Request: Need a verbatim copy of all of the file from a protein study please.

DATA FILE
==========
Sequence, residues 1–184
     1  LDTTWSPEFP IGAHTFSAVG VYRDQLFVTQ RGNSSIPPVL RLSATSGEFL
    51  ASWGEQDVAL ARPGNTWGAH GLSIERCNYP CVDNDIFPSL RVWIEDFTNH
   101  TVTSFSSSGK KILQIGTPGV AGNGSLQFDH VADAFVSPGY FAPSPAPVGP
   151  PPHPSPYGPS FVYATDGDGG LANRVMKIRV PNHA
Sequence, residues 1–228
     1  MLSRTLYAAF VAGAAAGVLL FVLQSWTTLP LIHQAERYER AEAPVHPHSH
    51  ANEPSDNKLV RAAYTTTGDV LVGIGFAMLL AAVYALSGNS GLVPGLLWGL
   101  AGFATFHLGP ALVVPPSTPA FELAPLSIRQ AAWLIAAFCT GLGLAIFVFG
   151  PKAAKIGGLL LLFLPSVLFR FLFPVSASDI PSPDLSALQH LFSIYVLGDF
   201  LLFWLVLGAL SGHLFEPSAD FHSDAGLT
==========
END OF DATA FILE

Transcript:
Sequence, residues 1–184
     1  LDTTWSPEFP IGAHTFSAVG VYRDQLFVTQ RGNSSIPPVL RLSATSGEFL
    51  ASWGEQDVAL ARPGNTWGAH GLSIERCNYP CVDNDIFPSL RVWIEDFTNH
   101  TVTSFSSSGK KILQIGTPGV AGNGSLQFDH VADAFVSPGY FAPSPAPVGP
   151  PPHPSPYGPS FVYATDGDGG LANRVMKIRV PNHA
Sequence, residues 1–228
     1  MLSRTLYAAF VAGAAAGVLL FVLQSWTTLP LIHQAERYER AEAPVHPHSH
    51  ANEPSDNKLV RAAYTTTGDV LVGIGFAMLL AAVYALSGNS GLVPGLLWGL
   101  AGFATFHLGP ALVVPPSTPA FELAPLSIRQ AAWLIAAFCT GLGLAIFVFG
   151  PKAAKIGGLL LLFLPSVLFR FLFPVSASDI PSPDLSALQH LFSIYVLGDF
   201  LLFWLVLGAL SGHLFEPSAD FHSDAGLT